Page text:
o The Frog Blog: October 2012

Saturday, 27 October 2012

YouTube Saturday - Secret Universe: The Hidden Life of the Cell

This amazing documentary, recently broadcast on BBC, explores the inner world of the human cellular structure via the narrative of a viral infection from within the world of a single cell. Update: Embedding of the video is no longer supported - click here to view on YouTube.

Thursday, 25 October 2012

Top Tweets of the Week

The week on Twitter was dominated, for me at least, with the Science 140 project and the launch of A Neutron Walks Into A Bar. So most of my Top Tweets of the Week feature some #Neutron inspired tweets as well as other nuggets of science brilliance.

A Neutron Walks Into A Bar ... Launch Night Photos

On Tuesday last the Science 140 book - A Neutron Walks Into A Bar - was officially launched in Dublin's Science Gallery by Dr. Aoife McLysaght. Many thanks to all who attended - we had a great night and were delighted with the reaction the book received.

All photos below are by Lensmen

Team Science 140 - Me, Aoibhinn, Maria & Paul at the launch

Saturday, 20 October 2012

Pumped - A Great New Competition for Schools

Pumped is an exciting new competition for second level pupils (under the age of 16) which challenges them to think about teenage health issues and use their imagination to create a short 90 second video. There are some great prizes on offer including iPads, iPods and iPod Nanos. The winning school will also received €5000 for their science department. Organised in association with Bayer and the Irish Heart Foundation, Pumped will award the prizes to the best short videos which explain an aspect of the following four themes: Kids Need Good Grub, Fit For Fun, Smoking Stinks & Fats and Sugars - The Good, The Bad & The Ugly. Judges will be looking for "entertaining and persuasive videos on one of the four topics. They want to see that students have researched the topic and understand the science behind it and the reasons why students took the approaches they did. They also want to see creativity and clear messaging on your chosen subject." Click here to see all the "Frequently Asked Questions" on Pumped or download a poster for your school here. Only one entry from each school is allowed however and all work must be original. The Pumped website also contains loads of resources for anyone thinking of getting involved.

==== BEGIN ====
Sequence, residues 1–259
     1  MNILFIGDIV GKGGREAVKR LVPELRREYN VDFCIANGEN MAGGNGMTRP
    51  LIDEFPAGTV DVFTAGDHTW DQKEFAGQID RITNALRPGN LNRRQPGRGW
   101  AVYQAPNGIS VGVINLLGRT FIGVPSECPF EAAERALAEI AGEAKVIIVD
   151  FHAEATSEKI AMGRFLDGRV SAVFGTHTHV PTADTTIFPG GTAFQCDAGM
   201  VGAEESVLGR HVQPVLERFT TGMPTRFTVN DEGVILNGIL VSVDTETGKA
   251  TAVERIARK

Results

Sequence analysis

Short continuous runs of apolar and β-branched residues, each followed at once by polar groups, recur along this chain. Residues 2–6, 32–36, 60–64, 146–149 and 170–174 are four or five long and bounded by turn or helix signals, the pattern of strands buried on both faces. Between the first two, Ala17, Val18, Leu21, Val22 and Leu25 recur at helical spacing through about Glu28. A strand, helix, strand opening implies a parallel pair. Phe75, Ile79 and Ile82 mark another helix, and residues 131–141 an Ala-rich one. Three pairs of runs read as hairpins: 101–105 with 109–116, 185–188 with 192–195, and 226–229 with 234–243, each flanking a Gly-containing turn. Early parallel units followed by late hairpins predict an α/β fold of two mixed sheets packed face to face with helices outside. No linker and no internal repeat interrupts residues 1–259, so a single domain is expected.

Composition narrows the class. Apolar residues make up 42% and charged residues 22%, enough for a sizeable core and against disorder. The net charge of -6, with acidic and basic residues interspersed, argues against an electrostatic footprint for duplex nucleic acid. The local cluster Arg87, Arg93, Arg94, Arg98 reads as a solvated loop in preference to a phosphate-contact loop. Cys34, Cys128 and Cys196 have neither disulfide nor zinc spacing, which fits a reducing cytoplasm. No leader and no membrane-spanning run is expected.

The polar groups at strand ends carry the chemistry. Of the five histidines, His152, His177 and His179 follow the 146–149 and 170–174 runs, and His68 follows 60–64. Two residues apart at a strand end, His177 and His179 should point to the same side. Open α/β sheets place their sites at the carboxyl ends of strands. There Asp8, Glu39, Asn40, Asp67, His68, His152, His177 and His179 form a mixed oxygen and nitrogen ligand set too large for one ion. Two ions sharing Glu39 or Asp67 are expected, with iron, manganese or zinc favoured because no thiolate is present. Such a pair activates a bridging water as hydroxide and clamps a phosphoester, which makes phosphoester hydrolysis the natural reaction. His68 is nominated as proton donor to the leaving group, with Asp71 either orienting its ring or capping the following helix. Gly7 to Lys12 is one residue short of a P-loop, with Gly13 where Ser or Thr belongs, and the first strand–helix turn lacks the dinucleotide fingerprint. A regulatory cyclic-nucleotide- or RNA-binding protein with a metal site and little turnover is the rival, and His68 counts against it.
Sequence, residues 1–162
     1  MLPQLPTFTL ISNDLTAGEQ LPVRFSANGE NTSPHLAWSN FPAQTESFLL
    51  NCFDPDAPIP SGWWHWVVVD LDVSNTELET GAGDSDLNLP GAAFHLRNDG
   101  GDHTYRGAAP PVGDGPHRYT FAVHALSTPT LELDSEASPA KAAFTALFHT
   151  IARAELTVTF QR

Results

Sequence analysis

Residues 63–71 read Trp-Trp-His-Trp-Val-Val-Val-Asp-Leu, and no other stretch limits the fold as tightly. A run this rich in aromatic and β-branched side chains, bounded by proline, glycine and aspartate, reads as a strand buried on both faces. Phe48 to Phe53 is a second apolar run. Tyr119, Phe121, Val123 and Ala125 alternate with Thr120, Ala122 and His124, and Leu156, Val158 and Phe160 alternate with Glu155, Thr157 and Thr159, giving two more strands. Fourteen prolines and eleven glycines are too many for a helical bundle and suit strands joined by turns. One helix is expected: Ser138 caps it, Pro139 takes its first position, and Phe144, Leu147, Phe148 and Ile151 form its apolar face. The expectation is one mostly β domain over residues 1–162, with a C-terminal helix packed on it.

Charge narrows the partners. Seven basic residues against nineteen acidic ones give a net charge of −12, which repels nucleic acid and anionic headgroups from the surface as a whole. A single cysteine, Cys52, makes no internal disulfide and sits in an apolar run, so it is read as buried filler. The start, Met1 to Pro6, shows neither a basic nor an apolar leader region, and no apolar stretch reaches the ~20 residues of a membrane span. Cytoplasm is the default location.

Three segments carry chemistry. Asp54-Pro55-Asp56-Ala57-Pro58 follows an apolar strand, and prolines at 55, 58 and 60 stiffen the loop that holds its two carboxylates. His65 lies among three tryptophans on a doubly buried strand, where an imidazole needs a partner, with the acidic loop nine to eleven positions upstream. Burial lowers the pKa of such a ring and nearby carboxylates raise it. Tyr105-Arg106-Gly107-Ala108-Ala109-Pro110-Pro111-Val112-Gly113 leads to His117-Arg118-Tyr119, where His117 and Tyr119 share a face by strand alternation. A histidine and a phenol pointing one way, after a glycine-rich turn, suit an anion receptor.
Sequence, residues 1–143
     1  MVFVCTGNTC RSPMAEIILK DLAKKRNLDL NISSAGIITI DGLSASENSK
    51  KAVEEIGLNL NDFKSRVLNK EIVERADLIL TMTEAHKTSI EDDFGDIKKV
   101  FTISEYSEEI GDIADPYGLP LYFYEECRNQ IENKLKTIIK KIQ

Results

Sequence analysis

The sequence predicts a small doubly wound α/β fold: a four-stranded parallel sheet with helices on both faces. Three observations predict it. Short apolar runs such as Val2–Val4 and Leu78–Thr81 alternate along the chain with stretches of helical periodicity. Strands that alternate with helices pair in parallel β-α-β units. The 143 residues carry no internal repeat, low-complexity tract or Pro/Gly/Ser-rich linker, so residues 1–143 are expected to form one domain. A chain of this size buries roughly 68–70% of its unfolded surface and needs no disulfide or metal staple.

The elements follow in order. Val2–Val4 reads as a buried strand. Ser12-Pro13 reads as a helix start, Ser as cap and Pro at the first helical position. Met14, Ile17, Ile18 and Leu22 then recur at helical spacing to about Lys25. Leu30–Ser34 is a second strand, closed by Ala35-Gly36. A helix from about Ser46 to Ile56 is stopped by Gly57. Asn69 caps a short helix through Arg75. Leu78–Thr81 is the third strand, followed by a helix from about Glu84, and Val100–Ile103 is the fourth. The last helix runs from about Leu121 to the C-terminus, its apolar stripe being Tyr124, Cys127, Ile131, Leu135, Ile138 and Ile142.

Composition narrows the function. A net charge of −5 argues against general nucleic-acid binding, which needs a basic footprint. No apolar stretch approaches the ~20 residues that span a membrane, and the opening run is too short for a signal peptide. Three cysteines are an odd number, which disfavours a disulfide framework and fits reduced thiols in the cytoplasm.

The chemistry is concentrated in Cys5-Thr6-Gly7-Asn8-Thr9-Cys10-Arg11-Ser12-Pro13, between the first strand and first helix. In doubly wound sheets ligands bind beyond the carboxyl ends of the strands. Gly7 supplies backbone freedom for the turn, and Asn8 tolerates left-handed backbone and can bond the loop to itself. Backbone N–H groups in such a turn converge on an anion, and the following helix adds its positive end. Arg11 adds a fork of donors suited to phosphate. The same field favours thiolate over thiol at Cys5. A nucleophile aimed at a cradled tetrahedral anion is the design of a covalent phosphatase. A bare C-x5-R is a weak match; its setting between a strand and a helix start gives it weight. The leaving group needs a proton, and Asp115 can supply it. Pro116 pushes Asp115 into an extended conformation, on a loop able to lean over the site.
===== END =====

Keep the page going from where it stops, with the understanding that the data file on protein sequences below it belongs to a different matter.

Visit Pumped.ie now to find out more.

YouTube Saturday - Felix Baumgartner's Free Fall

It's been all about Baumgartner this week so this week's featured video had to be about the record holding free-faller.
After flying to an altitude of 39,045 meters (128,100 feet) in a helium-filled balloon, Felix Baumgartner completed a record breaking jump for the ages from the edge of space, exactly 65 years after Chuck Yeager first broke the sound barrier flying in an experimental rocket-powered airplane. Felix reached a maximum of speed of 1,342.8 km/h (833mph) through the near vacuum of the stratosphere before being slowed by the atmosphere later during his 4:20 minute long freefall. The 43-year-old Austrian skydiving expert also broke two other world records (highest freefall, highest manned balloon flight), leaving the one for the longest freefall to project mentor Col. Joe Kittinger.
Watch his amazing feat in 90 seconds. Awesome!  

Thursday, 18 October 2012

A Neutron Walks Into a Bar ... - OUT NOW!

If you have been following the Science 140 project, of which I am one of the co-ordinators, you'll have no doubt heard about all the wonderful science tweets we received over April, May & June of this year. Over the summer, the Science 140 team were busy collating all the best tweets for our book - A Neutron Walks Into A Bar - which goes on sale today. You'll find it in bookshops across Ireland (and in selected stores in the UK) and online (see the links below) and we sincerely hope you enjoy it. Please let us know what you think of the book via Twitter using the hashtag #neutron and remember - all royalties go directly to cystic fibrosis research. For more information about this partnership, click here

A Neutron Walks Into A Bar (RRP €14.99) is also available through:

T-Research: Autumn 2012 & Reader Survey

The latest issue of Teagasc's excellent research and innovation magazine T-Research is out now and is available both in print or online. This quarter's issues features articles on how we might feed an ever growing human population, picking the right food solutions for weight management, supporting rural enterprise developments and wood energy potential of farm. It's another excellent issue, with articles of interest for anyone with an interesting in food or farming. It is particularly useful for students and teachers of agricultural science in second or third level. Click here to see this season's issue and all previous back issues.